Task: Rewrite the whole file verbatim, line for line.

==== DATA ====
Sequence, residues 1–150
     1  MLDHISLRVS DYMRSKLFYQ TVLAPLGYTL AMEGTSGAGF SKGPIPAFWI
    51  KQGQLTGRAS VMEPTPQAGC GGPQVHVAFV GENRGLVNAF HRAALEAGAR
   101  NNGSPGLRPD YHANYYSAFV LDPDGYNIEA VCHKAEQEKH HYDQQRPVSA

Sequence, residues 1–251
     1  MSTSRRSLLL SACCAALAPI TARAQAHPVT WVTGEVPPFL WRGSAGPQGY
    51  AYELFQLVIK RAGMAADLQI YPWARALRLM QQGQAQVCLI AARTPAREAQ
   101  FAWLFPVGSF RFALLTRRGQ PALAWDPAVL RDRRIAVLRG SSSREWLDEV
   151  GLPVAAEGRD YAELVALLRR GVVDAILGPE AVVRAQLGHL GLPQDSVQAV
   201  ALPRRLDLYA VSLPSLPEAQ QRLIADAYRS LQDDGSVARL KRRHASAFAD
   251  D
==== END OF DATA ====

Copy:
Sequence, residues 1–150
     1  MLDHISLRVS DYMRSKLFYQ TVLAPLGYTL AMEGTSGAGF SKGPIPAFWI
    51  KQGQLTGRAS VMEPTPQAGC GGPQVHVAFV GENRGLVNAF HRAALEAGAR
   101  NNGSPGLRPD YHANYYSAFV LDPDGYNIEA VCHKAEQEKH HYDQQRPVSA

Sequence, residues 1–251
     1  MSTSRRSLLL SACCAALAPI TARAQAHPVT WVTGEVPPFL WRGSAGPQGY
    51  AYELFQLVIK RAGMAADLQI YPWARALRLM QQGQAQVCLI AARTPAREAQ
   101  FAWLFPVGSF RFALLTRRGQ PALAWDPAVL RDRRIAVLRG SSSREWLDEV
   151  GLPVAAEGRD YAELVALLRR GVVDAILGPE AVVRAQLGHL GLPQDSVQAV
   201  ALPRRLDLYA VSLPSLPEAQ QRLIADAYRS LQDDGSVARL KRRHASAFAD
   251  D